IBM WebSphere Cast Iron Introduction and Technical Overview

Arya MirServers

Feb 13, 2012 (5 years and 6 months ago)

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IBM WebSphere Cast Iron Cloud Integration enables companies to integrate applications, regardless of whether the applications are located on-premise or in public or private clouds. This paper provides an overview of the core components and use of WebSphere Cast Iron Standard and Enterprise editions and includes a brief introduction to the Express edition. It covers the use of the following form factors:  The virtual appliance, WebSphere Cast Iron Hypervisor Edition  The physical appliance, WebSphere DataPower Cast Iron Appliance XH40  The multi-tenant cloud service, WebSphere Cast Iron Live

© Copyright IBM Corp. 2012. All rights reserved.
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IBM WebSphere Cast Iron Introduction
and Technical Overview
IBM WebSphere Cast Iron Cloud Integration enables companies to integrate applications,
regardless of whether the applications are located on-premise or in public or private clouds.
This paper provides an overview of the core components and use of WebSphere Cast Iron
Standard and Enterprise editions and includes a brief introduction to the Express edition. It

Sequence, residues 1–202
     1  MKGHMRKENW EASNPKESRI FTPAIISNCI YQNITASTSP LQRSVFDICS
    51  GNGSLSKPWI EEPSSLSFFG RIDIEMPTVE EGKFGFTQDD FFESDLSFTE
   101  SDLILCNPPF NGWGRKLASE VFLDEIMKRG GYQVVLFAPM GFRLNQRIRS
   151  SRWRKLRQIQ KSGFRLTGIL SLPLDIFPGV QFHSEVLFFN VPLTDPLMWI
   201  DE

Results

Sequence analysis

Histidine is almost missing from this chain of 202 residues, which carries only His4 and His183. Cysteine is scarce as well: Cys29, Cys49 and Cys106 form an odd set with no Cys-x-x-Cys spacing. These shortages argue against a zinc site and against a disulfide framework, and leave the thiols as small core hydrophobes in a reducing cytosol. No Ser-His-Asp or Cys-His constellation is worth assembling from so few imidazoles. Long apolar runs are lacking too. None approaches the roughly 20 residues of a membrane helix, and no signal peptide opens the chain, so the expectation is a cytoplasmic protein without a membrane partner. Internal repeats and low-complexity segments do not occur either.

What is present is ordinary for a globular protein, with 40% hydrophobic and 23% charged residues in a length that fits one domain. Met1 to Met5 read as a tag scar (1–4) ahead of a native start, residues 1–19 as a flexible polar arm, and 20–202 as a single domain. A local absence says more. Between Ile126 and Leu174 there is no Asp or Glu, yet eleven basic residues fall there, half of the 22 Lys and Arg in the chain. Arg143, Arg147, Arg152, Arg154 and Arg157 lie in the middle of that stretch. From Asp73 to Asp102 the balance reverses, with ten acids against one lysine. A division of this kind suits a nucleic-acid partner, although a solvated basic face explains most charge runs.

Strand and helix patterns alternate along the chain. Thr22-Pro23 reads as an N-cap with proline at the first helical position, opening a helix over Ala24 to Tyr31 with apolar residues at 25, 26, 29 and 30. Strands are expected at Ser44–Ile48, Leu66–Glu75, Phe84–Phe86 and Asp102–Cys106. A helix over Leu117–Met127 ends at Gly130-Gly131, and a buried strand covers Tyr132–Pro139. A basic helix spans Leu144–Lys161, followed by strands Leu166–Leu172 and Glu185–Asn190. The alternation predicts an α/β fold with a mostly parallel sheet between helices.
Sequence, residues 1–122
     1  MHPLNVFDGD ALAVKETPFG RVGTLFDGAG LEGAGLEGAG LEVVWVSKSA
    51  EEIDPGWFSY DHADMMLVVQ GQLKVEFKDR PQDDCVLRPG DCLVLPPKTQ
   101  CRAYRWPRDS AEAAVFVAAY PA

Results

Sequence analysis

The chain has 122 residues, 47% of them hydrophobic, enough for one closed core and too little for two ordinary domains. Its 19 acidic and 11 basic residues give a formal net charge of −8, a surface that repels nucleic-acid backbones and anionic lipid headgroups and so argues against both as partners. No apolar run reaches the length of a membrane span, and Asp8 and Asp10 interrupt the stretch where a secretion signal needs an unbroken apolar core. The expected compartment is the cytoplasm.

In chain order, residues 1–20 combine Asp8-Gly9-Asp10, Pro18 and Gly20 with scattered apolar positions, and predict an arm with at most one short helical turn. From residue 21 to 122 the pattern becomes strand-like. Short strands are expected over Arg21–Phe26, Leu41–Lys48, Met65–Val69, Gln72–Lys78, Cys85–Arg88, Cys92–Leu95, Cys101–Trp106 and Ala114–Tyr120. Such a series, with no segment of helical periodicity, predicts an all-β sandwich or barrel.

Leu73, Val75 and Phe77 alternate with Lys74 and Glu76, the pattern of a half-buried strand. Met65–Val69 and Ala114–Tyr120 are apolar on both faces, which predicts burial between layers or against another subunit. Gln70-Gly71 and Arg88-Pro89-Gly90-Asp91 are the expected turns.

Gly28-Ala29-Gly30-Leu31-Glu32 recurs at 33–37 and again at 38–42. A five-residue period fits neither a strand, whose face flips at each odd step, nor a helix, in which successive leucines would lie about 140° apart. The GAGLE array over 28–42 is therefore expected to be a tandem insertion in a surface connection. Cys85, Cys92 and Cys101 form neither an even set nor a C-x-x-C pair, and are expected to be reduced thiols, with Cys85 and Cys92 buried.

covers the use of the following form factors:
￿ The virtual appliance, WebSphere Cast Iron Hypervisor Edition
￿ The physical appliance, WebSphere DataPower Cast Iron Appliance XH40
￿ The multi-tenant cloud service, WebSphere Cast Iron Live
Simon Dickerson
Raji Narayanan
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IBM WebSphere Cast Iron: Technical Overview
Integrating cloud applications
Cloud computing has become a business evolution that is impacting all facets of business
today, including sales, marketing, human capital management, supply chain, finance,
manufacturing, quoting, ordering, service, support, email, etc. As each of these functions
move to the cloud they require migration and integration. Additionally, each vendor providing a
cloud solution creates their own interface to the application. This fact creates a challenge in
IT organizations in companies of all sizes and all locations globally as they attempt to
understand and then manage these unique application interfaces and integrate applications
from cloud to cloud and cloud to on premise. It is this for these reasons that Cast Iron® is an
invaluable solution to a modern IT infrastructure
Cloud computing can provide companies with the following capabilities to meet business
needs:
￿ Flexibility in working practices, such as working from home, the office, or with mobile
computing, which creates the need to access data and files from anywhere at any time
￿ Easy implementation of applications that are offered as a software as a service (SaaS)
and that can be configured and running in a matter of days
￿ Low cost solutions that can be paid for incrementally
￿ A reduction in the IT resource that is required for the maintenance of servers and